Explore our most popular destinations
  • Anguilla

    Anguilla has some of the best beaches in the world – fact. What’s more, there’s 33 of them and they’re clean, warm and mesmerisingly beautiful with brilliant-white sands and gentle, turquoise waters. This is what lures travellers here, but there are other compelling reasons to visit this quirky British Overseas Territory, which can be reached by small plane or on a short water crossing from St Martin/St Maarten. Covering 35 square miles and with a population of just 14,500, Anguilla has long had an A-list following, reflected in its wealth of upscale resorts, villas and restaurants. Why? Because here the vibe is definitively laid-back, with the stars left in peace and the ocean providing all the glitz.
  • Antigua and Barbuda

    Served by abundant international flights and blessed with 365 beaches, Antigua is a deservedly popular destination for a Caribbean holiday. There’s a new $100 million airport terminal, an attractive and fast-expanding stock of luxury hotels, and plenty to see and do. The islands are particularly appealing to families and fans of sport and sailing, and the Antiguans are masters at giving their visitors a good time. If you want an easy and sociable, beach-based sunshine break, look no further.
  • Bahamas

    If you won’t settle for anything less than perfection when it comes to a beach holiday, then The Bahamas will suit you to a tee. Gorgeous coral and white sands and fantastic snorkelling and secluded bays abound, making it perfect for a romantic escape. And if you’re seeking nightlife, duty free shopping, luxury casinos and first-class golf, you’ll find it here too. Paradise Island, connected to Nassau by bridges, is a great base to enjoy the best of both worlds, but island hopping around some of the other 700 islands and cays reveals much more. Enjoy the happy vibe, set your watch to ‘island time’, relish the delightful year-round climate and unwind.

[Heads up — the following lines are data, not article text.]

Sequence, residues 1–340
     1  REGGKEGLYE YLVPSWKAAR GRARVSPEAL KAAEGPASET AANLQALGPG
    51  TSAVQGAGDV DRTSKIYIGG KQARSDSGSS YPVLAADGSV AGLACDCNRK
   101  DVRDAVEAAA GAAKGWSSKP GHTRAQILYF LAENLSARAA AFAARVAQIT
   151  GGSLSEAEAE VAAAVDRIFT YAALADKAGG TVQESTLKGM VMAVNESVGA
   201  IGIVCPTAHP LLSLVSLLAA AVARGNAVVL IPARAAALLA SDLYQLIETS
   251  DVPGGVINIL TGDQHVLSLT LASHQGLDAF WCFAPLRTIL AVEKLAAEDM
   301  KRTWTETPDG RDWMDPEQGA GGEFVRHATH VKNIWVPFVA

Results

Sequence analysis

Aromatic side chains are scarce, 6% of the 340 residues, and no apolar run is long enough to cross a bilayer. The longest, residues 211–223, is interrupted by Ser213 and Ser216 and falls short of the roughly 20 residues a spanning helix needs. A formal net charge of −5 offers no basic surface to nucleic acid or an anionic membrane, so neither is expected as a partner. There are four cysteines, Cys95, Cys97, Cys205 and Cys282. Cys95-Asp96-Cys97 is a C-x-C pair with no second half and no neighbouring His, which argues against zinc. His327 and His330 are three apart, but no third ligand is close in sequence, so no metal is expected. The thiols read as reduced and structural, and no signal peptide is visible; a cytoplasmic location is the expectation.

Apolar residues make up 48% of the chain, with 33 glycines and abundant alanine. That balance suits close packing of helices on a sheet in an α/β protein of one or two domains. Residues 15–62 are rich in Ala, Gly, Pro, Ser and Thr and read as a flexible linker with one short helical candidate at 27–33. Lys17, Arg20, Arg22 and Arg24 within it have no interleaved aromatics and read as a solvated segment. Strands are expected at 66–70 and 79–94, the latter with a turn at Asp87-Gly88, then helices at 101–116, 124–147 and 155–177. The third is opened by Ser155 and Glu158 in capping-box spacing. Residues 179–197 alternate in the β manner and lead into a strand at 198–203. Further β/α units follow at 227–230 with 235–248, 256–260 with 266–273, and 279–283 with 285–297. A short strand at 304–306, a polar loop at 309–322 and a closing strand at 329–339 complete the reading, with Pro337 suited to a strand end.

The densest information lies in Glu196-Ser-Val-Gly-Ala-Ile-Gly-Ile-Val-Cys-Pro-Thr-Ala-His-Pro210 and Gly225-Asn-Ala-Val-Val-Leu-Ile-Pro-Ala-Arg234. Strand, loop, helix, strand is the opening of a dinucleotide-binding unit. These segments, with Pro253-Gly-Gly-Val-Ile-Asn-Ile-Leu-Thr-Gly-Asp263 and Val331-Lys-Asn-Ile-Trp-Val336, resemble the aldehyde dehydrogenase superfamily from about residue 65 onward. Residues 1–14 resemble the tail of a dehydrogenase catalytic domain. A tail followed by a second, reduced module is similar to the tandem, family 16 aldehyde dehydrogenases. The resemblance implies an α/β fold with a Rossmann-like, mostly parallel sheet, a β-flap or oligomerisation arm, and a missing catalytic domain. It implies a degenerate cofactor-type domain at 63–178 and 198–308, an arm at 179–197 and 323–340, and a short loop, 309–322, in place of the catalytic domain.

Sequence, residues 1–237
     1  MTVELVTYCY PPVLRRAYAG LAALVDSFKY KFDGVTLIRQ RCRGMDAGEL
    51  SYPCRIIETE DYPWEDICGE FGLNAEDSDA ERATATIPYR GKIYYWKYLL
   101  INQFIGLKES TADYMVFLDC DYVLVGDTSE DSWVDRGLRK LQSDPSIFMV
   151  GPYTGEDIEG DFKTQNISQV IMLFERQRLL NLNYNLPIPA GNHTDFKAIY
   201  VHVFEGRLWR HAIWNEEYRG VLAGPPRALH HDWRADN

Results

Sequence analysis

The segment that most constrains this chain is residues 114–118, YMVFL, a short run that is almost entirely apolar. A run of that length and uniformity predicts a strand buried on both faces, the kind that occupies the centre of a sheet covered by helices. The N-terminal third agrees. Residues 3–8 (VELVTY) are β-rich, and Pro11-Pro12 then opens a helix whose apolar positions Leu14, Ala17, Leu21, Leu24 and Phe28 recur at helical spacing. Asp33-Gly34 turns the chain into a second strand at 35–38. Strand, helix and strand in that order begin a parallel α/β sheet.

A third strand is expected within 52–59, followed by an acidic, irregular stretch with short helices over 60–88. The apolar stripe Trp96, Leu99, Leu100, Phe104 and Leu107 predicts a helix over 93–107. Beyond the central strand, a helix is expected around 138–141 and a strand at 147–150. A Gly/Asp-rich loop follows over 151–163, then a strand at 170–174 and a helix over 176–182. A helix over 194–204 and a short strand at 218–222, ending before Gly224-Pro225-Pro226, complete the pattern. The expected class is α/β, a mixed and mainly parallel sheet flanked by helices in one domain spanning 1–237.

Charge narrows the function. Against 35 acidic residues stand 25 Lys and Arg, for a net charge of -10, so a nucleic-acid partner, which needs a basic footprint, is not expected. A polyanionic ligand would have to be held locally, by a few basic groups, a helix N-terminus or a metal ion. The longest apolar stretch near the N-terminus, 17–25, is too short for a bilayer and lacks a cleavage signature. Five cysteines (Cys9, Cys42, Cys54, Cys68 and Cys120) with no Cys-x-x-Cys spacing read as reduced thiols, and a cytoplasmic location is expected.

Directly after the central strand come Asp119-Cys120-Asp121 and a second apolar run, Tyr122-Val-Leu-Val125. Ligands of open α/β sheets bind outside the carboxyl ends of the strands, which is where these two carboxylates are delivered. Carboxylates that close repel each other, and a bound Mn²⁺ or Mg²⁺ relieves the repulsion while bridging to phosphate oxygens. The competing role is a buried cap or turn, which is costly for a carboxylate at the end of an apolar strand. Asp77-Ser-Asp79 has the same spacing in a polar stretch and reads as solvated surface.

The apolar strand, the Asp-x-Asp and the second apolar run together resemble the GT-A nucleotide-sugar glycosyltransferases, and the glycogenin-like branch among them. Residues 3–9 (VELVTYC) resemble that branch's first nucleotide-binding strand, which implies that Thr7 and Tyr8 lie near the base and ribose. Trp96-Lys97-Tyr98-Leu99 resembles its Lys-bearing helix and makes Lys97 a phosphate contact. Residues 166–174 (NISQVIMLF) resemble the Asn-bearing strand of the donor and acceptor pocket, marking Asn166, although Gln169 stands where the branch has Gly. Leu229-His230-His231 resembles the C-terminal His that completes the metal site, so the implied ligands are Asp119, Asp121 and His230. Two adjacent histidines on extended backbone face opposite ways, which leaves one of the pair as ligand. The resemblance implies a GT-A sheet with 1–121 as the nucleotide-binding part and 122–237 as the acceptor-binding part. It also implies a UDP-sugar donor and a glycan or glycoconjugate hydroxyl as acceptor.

• Barbados

    Much is made of Barbados’ historical links to Britain, and as you drive – on the left-hand side of the road, of course – past a game of cricket being played near Dover or Hastings, you can’t help but agree. But truth be told, more than 50 years after independence, Barbados has matured rather nicely at its own pace and now has an individualistically Bajan lilt to life that is definitely unique. Come for the gorgeous beaches, the friendly people and the delicious food, but above all just come to unwind and relax: it’s always rum punch o’clock in Barbados.
  • Bermuda

    Bermuda is a tiny sliver of Britain in the Atlantic. Well, sort of. Actually, North American influences are strong, in a good way – service, friendliness – but you may be too engrossed swimming in the translucent aquamarine seas or walking across the pink sand beaches that actually squeak underfoot to notice. Whatever the exhortations of the tourist board, Bermuda is not the Caribbean – it’s roughly on the same latitude as Atlanta – so though you definitely won’t be throwing snowballs in midwinter, you probably won’t be frolicking on the beach in January either. Think of it as a spring-to-autumn destination.
  • Dominican Republic

    As the second-largest country in the Caribbean, the Dominican Republic is fully geared up for showing holidaymakers a good time. For decades it has lured them to its shores with the promise of uncrowded beaches, wall-to-wall sunshine, rich flora and fauna in 19 national parks and the colourful culture of some 10 million exuberant islanders. With luxury hotels making an appearance on the scene recently – in the likes of Cap Cana – and premier golf opportunities, now is the time to consider the Dominican Republic for your next luxury Caribbean holiday.